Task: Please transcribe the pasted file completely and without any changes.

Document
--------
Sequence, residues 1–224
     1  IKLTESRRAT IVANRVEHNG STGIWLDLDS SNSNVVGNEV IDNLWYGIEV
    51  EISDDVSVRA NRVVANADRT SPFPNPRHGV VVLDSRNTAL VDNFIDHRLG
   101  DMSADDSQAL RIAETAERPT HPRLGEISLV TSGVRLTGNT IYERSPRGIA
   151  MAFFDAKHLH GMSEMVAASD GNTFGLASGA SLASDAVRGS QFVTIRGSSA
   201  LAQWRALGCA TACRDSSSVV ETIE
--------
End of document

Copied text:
Sequence, residues 1–224
     1  IKLTESRRAT IVANRVEHNG STGIWLDLDS SNSNVVGNEV IDNLWYGIEV
    51  EISDDVSVRA NRVVANADRT SPFPNPRHGV VVLDSRNTAL VDNFIDHRLG
   101  DMSADDSQAL RIAETAERPT HPRLGEISLV TSGVRLTGNT IYERSPRGIA
   151  MAFFDAKHLH GMSEMVAASD GNTFGLASGA SLASDAVRGS QFVTIRGSSA
   201  LAQWRALGCA TACRDSSSVV ETIE